FERC will require each RTO/ISO to implement metering and accounting practices as needed to address the complexities of implementing the requirement that the sale of electric energy from the RTO/ISO markets to an electric storage resource that the resource then resells back to those markets be at the wholesale LMP. "To help accomplish this, we require each RTO/ISO to directly meter electric storage resources, so all the energy entering and exiting the resources is measured by that meter. However, we recognize some electric storage resources (such as those located on a distribution system or behind a customer meter) may be subject to other metering requirements that could be used in lieu of a direct metering requirement by an RTO/ISO. Therefore, the Commission will consider, in the individual RTO/ISO compliance filings, alternative proposals that may not entail direct metering but nonetheless address the complexities of implementing the requirement that the sale of electric energy from the RTO/ISO markets to a resource using the participation model for electric storage resources that the resource then resells back to those markets be at the wholesale LMP," FERC said
Regarding other charges to storage, FERC said, "We disagree with Energy Storage Association and NextEra that transmission charges that apply to load should not apply to electric storage resources. When an electric storage resource is charging to resell energy at a later time, then its behavior is similar to other load-serving entities, and we find that applicable transmission charges should apply."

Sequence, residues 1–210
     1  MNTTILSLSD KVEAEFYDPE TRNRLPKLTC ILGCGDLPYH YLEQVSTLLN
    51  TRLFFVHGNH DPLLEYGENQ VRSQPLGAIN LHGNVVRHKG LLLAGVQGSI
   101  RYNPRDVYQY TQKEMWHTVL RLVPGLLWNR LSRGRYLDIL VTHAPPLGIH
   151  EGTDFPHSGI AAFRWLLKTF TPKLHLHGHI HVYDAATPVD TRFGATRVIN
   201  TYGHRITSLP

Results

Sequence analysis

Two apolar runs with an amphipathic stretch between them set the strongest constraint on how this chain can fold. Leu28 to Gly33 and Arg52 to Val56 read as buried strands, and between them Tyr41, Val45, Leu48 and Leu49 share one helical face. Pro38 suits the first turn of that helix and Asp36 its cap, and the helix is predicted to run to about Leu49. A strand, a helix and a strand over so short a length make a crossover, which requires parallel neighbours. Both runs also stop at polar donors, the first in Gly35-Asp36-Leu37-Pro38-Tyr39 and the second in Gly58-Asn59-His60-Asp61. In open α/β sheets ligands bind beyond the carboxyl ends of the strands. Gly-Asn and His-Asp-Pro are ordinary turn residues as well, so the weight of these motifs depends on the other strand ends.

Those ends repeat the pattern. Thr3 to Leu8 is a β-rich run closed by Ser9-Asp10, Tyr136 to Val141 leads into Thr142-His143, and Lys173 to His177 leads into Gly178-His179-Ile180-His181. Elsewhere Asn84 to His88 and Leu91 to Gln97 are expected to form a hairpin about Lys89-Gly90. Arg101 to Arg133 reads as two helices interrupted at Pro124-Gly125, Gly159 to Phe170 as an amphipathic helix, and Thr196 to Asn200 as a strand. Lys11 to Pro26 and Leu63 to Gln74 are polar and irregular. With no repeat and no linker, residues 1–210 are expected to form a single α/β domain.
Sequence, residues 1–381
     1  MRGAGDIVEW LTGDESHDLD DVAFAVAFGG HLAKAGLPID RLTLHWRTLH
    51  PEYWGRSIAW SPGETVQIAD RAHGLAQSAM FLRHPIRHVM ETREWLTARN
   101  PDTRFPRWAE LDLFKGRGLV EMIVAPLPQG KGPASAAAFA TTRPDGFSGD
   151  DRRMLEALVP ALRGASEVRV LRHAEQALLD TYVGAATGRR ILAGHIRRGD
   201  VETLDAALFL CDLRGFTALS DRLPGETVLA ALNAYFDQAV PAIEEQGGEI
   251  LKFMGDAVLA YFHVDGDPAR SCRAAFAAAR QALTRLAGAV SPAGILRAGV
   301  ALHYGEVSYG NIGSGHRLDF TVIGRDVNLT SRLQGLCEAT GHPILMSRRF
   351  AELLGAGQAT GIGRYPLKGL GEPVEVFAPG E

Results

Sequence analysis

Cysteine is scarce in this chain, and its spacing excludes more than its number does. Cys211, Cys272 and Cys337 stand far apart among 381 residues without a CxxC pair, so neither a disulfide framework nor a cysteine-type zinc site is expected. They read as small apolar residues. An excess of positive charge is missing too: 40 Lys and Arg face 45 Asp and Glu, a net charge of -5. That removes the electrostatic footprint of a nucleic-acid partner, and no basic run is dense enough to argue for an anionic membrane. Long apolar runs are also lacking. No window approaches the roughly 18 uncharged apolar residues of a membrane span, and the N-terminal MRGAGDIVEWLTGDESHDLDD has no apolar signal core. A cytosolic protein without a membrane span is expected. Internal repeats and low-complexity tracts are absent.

However, "In response to the concern that transmission charges should not apply when an electric storage resources is dispatched by an RTO/ISO, we find that electric storage resources that are dispatched to consume electricity to provide a service in the RTO/ISO markets (such as frequency regulation or a downward ramping service) should not pay the same transmission charges as load during the provision of that service," FERC said
An original NOPR in the proceeding from FERC has also proposed changes related to distributed energy resource aggregations.
"While the Commission continues to believe that removing unnecessary barriers to market participation by these resources is important, today’s rule concludes that more information is needed with respect to those proposed reforms," FERC said in a news release
In light of that, the Commission issued a Notice of an April 10-11 Technical Conference (RM18-9-000), that identifies questions to help gather additional information to determine what action to take on the distributed energy resource aggregation reforms proposed in the NOPR. Commission staff also will use the technical conference as an opportunity to discuss other technical considerations for the bulk power system related to distributed energy resources.